Now this is kind of terrifying to me, folks.
Galleycat reports that CBS stockholders are unhappy about Jimmy Carter's book, Palestine: Peace not Apartheid. (She is basing her link on a New York Sun piece, but I'm just not linking to them. I've already linked to other gross publications, and maybe even the Sun, but I have to draw a line somewhere.) CBS of course owns the publisher, Simon & Schuster.
So terrifying, yes. That stockholders, led by a woman named Carol Greenwald of the organization Committee for Accuracy in Middle East Reporting (surely there's dirt on THEM - what's their agenda?), are trying to dictate what to publish and how to publish it is just bizarre, but are we surprised? As a subsidiary of a big corporation, you have to take the benefits, such as "synergy" (read: 60 Minutes exclusives), with the nasty.
In fairness, they're taking issue with the fact that the book may be "error-filled," which it very well might be, and yes, that's a huge problem. And this does call into question the publisher's responsibility on fact-checking, which as I understand it has weakened over the years, along with contractual language putting the responsibility back on the author as much as possible. Publishers do need to step up and take more responsibility for the content of their books.
But it also calls to mind my general reaction whenever I flip through a catalog by one of these giant corporate publishers. It's a chore any author who may sign up with one should do. It's schizophrenic at best! HarperCollins, for examples, sends their batch of catalogs, with all their imprints, and my friends, your head spins as you flip. From business books appropriating language of revolution to tawdry novels to high-end literary fiction to books on adorable puppies, it's just a mess, with no mission or over-arching raison d'etre. It's page after page of product, full of whatever might sell. You can imagine a stockholder flipping through, seemingly unaware of this wild range of topics, of books that blatantly argue against each other within the same catalog, and thinking, "Now THIS STUFF will fly off the shelves!"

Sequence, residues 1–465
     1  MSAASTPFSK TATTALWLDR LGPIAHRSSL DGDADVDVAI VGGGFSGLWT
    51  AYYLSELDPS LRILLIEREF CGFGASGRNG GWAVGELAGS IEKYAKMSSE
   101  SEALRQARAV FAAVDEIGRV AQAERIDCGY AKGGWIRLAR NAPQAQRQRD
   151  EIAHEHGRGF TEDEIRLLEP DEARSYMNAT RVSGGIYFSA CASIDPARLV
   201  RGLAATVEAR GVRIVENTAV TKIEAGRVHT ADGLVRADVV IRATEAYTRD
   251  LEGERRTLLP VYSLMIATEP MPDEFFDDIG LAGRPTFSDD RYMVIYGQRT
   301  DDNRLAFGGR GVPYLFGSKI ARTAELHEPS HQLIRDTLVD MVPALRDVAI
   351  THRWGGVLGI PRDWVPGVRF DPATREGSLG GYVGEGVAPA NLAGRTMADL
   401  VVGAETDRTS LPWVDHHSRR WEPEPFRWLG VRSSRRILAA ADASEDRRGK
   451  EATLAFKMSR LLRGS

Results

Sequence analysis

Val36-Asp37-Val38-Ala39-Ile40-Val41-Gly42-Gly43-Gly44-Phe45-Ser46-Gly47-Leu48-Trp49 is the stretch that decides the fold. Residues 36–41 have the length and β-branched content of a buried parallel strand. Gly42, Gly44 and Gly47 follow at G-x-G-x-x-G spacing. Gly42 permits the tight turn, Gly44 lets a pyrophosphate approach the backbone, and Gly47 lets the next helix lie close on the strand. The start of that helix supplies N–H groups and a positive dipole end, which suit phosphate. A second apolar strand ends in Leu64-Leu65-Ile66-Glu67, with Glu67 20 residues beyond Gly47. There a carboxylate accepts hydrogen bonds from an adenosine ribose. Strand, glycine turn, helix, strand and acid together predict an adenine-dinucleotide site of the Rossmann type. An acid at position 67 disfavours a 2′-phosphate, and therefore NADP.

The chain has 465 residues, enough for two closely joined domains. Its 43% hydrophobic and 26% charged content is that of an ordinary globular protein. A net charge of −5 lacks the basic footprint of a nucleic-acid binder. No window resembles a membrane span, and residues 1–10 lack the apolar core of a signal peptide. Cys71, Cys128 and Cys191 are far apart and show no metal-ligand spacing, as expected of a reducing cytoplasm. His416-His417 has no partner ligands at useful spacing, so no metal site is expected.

I'm all for a variety of voices, but this increasing corporatization of publishing leads to a loss in identity for publishers, which in turn weakens the consumer's ability to sort through books. More immediately, it weakens the bookseller's ability to build any trusting relationship based on quality of books over quantity that could move. I know there are economic realities, for booksellers and publishers, but in weakening brands, publishing house names, this corporate culture weakens the book world and will lead more quickly to the movement toward electronic books that are all about the final product and not about the process (editing, production). Soon, what we love about books is gone.
Go crazy stockholders, but the rest of us should see this as a warning. If you *have* stockholders, they'll weaken your list, force you to sell sell sell, and ultimately ruin book culture. That's my dire, dramatic, "why isn't anyone thinking of the CHILDREN!?!?!" moment for the day.